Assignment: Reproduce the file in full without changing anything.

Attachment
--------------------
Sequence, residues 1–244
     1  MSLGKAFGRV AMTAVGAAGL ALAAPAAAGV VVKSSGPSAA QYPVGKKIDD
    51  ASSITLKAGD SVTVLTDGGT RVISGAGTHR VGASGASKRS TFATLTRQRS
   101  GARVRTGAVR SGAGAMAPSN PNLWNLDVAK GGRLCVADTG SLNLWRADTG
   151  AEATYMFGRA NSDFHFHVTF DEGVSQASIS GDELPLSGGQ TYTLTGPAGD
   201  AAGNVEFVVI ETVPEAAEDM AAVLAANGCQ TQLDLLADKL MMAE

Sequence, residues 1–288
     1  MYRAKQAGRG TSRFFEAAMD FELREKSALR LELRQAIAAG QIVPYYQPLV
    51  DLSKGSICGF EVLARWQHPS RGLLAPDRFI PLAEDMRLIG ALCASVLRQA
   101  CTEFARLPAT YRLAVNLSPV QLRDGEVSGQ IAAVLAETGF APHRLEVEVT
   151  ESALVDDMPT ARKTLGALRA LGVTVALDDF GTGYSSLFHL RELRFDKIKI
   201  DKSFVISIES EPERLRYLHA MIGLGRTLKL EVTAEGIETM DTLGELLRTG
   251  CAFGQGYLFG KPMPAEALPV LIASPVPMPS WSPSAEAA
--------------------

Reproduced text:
Sequence, residues 1–244
     1  MSLGKAFGRV AMTAVGAAGL ALAAPAAAGV VVKSSGPSAA QYPVGKKIDD
    51  ASSITLKAGD SVTVLTDGGT RVISGAGTHR VGASGASKRS TFATLTRQRS
   101  GARVRTGAVR SGAGAMAPSN PNLWNLDVAK GGRLCVADTG SLNLWRADTG
   151  AEATYMFGRA NSDFHFHVTF DEGVSQASIS GDELPLSGGQ TYTLTGPAGD
   201  AAGNVEFVVI ETVPEAAEDM AAVLAANGCQ TQLDLLADKL MMAE

Sequence, residues 1–288
     1  MYRAKQAGRG TSRFFEAAMD FELREKSALR LELRQAIAAG QIVPYYQPLV
    51  DLSKGSICGF EVLARWQHPS RGLLAPDRFI PLAEDMRLIG ALCASVLRQA
   101  CTEFARLPAT YRLAVNLSPV QLRDGEVSGQ IAAVLAETGF APHRLEVEVT
   151  ESALVDDMPT ARKTLGALRA LGVTVALDDF GTGYSSLFHL RELRFDKIKI
   201  DKSFVISIES EPERLRYLHA MIGLGRTLKL EVTAEGIETM DTLGELLRTG
   251  CAFGQGYLFG KPMPAEALPV LIASPVPMPS WSPSAEAA